Chanting, singing and jeering demonstrators drowned out nearly all the ceremonies at Howard University's Charter Day convocation yesterday, as protests continued against university President James E. Cheek.
Cheek, clad in a blue academic robe with a large gold chain around his neck, showed no sign of noticing the uproar, which came mostly from about 70 students at the back of Cramton Auditorium. He praised six alumni who had been given awards at a dinner Tuesday, and awarded an honorary degree to Lerone Bennett Jr., senior editor of Ebony magazine.
The ceremony marked the 116th anniversary of the congressional charter founding Howard, which Cheek said "gave life to the noble concept" of a university for blacks.
Even though the public-address system was turned loud, few in the audience of about 1,300 faculty, administrators, alumni, and students could hear what Cheek said.
Bennett, the event's main speaker, encountered almost as much noisy disruption as he spoke on "the black tradition of excellence and the challenge of the '80s."
Yesterday's demonstration was the latest in a series of protests against the university administration that were touched off by the expulsion Feb. 1 of Janice McKnight, editor of the Hilltop campus newspaper. McKnight has since been reinstated as a student.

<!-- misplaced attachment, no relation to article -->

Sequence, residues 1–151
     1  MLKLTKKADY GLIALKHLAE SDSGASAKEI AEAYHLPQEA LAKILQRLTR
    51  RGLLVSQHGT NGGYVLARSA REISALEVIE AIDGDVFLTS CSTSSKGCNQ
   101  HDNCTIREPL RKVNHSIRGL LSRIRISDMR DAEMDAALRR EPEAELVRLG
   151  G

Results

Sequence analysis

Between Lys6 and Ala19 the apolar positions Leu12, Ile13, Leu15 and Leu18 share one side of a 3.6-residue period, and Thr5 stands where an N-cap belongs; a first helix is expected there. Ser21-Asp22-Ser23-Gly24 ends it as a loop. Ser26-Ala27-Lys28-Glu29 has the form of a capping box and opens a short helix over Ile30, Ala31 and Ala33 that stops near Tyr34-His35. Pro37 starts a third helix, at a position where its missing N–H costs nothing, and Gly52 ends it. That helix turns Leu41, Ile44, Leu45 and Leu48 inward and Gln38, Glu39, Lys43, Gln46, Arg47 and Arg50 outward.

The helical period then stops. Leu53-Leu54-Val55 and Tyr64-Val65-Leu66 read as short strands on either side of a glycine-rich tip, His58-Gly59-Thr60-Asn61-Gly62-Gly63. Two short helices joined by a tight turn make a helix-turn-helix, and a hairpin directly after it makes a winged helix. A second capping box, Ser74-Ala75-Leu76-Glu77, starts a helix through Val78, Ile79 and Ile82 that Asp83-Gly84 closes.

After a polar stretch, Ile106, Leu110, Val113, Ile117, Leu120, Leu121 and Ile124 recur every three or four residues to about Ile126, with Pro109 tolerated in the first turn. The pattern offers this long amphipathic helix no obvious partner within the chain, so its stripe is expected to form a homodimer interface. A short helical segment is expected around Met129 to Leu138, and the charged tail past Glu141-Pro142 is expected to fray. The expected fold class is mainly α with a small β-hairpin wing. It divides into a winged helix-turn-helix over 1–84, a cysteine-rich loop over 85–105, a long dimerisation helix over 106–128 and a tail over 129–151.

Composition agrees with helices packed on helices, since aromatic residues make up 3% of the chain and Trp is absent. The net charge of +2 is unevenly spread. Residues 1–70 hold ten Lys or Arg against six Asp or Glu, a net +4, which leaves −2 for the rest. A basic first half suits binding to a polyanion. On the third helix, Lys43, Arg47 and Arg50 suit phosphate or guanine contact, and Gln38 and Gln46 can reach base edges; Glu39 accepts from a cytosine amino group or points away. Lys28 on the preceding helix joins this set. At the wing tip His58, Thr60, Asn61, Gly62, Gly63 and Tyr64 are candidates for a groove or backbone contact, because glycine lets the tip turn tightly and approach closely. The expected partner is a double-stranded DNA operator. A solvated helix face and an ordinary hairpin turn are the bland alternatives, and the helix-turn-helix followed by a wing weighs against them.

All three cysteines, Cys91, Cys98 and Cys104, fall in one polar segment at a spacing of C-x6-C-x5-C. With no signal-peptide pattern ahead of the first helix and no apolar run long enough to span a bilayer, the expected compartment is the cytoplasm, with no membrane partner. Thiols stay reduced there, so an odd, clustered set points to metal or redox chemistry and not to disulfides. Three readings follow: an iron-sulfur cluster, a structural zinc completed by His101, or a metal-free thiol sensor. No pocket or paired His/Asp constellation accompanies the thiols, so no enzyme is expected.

Late yesterday Cheek said he did not want to comment on the student demonstrators or their complaints, which were detailed again in a nine-page leaflet passed out at the entrance to the auditorium.
Besides charging censorship, the student demonstrators, led by officers of the university student association, have accused Cheek of being "insensitive" and "unresponsive" to student problems such as poor housing, crime and "mediocrity" on campus.
Louis Martin, assistant vice president for communications, said, "If you have any children, you know you have to let them scream. We found out a long time ago that we have to let them scream and then we can negotiate."
Some students scattered through the audience clapped and occasionally sang with the demonstrators, though most in the auditorium sat quietly.
At the start of the ceremony, a loud cheer went up when Howard Newell, president of the student association, filed on stage with other dignitaries. The demonstrators later yelled "Let Howard Newell speak," but when Cheek went ahead as planned Newell stood up briefly to more cheers and then left the stage. He took off his black academic robe and joined the demonstrators.
Speaking later in the Aldridge Theater, one of the alumni award recipients--Debbie Allen, star of the television show "Fame"--said she had participated in a sit-in at the Howard administration building when she was a student in the class of 1971.
"When I looked around today and I was in the middle of all that," she said, "I felt those are my people over there. It's a tradition at Howard University and Howard University is still there."